My wife and I have a lot size of .7 acres and it is fully landscaped with mostly drought tolerant plants. When it was originally landscaped 10 years ago, the landscape architect used mostly 1 gallon and a few 5 gallon plants. What we have found over time is the 1 gallon plants that looked so small and were planted close together have grown up into large plants that grow into each other. We have a process we call "editing" where we walk around the yard and see what plants are adding "value" and what plants aren't! When we first started this process several years ago I estimated we had 900 plants in our yard. I now estimate we have 700 plants due to our "editing" and in fact we are happier with the look of the landscape now. You can see the plants that are left, they aren't hidden or damaging others because they have grown into each other. Why do we edit? The main reason is to reduce our water usage on plants that in our estimation no longer add value to our home's curb appeal. Water rates continue to go up every year and I hate to pay for what we really don't need, so editing provides a value to us.
This weekend I have been "editing". I have probably removed 30 plants that we perceived had no value to the look of our landscape any longer. The first thing I do is find where the drip lines are to those plants and uncover them so I don't damage any lines when I dig out the plant. Next, I dig out the plant, and then remove the drip line from the main hose and plug it. In our case each plant has 2 each two gallon/hour drip emitters, so in this editing process I removed 60 drip emitters that were emitting approximately 60 gallons per week based on my irrigation controller's schedule. Over a month that is a savings of 240 gallons and in six month that saves 1,560 gallons. My wife and I try to edit several times per year.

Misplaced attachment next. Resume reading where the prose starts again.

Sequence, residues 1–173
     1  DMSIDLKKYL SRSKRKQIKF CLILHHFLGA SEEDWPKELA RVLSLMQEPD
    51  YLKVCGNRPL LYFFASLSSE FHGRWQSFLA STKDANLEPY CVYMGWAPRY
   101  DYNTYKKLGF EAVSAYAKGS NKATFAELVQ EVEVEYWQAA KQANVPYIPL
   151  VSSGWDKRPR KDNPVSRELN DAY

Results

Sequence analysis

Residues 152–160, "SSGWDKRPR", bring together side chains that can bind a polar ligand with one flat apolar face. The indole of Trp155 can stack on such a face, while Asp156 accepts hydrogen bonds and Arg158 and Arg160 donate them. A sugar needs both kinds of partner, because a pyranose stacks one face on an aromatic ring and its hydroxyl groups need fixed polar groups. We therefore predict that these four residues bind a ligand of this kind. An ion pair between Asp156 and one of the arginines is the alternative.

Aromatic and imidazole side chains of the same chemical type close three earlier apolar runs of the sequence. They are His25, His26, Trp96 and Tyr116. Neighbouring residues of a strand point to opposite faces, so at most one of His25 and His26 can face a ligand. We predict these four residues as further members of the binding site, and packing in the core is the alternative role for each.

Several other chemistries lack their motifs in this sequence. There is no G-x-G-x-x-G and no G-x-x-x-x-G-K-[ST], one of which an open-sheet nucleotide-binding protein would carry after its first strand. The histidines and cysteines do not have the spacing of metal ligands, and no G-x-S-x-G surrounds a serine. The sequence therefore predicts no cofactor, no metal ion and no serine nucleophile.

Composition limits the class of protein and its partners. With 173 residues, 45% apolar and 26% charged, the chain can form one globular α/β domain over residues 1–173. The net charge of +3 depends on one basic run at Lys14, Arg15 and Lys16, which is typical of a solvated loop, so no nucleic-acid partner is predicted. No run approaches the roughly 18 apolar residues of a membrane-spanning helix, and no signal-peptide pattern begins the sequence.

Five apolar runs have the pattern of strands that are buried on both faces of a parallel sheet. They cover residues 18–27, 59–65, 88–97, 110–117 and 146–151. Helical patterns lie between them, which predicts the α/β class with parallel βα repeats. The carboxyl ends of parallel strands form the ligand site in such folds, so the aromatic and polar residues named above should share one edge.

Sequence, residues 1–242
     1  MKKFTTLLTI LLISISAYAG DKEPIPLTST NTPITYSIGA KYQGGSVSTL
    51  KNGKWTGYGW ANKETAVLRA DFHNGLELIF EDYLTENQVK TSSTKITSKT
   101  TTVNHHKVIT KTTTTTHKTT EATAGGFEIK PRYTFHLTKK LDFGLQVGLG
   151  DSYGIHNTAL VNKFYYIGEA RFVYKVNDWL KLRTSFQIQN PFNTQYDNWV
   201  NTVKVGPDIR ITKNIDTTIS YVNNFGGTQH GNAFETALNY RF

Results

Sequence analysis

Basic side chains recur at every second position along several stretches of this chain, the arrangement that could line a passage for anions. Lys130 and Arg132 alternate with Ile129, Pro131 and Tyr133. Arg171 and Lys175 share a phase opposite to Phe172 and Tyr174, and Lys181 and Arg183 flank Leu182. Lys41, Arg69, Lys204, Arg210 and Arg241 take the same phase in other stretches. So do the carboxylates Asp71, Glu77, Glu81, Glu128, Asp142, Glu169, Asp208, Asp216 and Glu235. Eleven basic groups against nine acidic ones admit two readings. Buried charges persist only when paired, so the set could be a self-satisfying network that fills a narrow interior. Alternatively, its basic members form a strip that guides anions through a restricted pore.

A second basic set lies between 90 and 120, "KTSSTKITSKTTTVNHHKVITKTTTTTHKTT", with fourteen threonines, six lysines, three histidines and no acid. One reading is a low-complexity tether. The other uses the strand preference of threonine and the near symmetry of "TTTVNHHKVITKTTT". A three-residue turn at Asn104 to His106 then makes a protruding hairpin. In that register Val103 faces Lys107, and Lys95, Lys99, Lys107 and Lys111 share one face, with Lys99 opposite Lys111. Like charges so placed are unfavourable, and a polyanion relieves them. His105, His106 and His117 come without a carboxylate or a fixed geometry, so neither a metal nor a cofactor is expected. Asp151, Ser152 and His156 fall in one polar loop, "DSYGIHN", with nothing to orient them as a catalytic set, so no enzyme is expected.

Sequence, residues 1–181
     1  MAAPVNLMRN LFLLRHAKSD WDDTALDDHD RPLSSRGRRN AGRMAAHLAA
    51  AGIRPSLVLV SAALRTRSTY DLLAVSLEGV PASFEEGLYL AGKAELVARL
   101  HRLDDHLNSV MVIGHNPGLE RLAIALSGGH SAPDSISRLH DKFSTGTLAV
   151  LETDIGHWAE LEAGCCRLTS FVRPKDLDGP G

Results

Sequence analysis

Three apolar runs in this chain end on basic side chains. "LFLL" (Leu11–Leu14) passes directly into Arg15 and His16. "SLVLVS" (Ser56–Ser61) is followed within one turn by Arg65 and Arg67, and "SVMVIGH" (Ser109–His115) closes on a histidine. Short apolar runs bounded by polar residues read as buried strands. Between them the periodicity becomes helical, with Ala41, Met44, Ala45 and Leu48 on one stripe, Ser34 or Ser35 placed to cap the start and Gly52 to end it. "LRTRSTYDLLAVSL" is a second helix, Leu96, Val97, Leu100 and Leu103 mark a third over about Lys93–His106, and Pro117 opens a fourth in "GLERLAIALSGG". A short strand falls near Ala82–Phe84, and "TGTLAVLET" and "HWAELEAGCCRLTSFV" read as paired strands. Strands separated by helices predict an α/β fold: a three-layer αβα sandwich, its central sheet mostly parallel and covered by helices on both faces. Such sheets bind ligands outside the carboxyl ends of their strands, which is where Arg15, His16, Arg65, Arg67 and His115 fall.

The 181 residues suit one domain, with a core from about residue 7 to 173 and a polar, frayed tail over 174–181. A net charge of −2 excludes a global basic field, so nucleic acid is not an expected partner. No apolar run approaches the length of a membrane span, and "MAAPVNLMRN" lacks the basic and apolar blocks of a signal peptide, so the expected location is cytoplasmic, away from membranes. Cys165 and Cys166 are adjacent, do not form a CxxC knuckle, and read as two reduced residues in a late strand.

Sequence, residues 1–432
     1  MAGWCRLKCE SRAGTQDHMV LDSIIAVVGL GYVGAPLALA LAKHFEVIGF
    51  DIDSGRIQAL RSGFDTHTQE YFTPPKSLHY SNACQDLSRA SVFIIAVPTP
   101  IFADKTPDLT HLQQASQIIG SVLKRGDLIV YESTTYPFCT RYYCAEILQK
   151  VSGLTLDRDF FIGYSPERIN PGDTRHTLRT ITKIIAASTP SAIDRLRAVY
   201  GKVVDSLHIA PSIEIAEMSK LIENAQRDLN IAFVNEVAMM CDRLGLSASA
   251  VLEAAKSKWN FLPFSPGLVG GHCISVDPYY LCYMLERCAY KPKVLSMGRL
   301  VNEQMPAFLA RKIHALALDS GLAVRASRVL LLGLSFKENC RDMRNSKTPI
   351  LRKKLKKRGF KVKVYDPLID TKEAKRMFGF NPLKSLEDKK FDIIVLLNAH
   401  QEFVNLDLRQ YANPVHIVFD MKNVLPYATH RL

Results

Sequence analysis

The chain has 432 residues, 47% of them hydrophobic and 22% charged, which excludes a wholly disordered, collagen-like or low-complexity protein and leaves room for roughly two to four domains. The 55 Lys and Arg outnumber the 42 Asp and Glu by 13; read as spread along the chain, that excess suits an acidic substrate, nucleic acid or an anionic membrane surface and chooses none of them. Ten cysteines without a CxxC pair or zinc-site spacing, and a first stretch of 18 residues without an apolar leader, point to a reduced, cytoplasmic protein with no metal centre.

While I was editing, I decided to open my valve boxes and turn the system on to make sure I plugged all the drip lines I removed. In the process of doing that I found one of the valves in my valve box was leaking! I called my landscape guy who was working at another home in our neighborhood and he came over about 30 minutes later. He tightened the nuts on the valve to clamp down the gasket further and that stopped the leak. I checked the other valve boxes while he was here and noticed a second leak. He tightened that one as well. I will check back later to make sure that really solved the problem. I don't really know how much water was leaking per day, but if it was 1 gallon per day on two leaky valves then we stopped another 60 gallons per month from leaking.
Below I have some pictures of how my yard looked this morning and the leaks I found in the irrigation box. I know we will keep "editing" to reduce our water usage, but I will also be checking my valve boxes more regularly as well.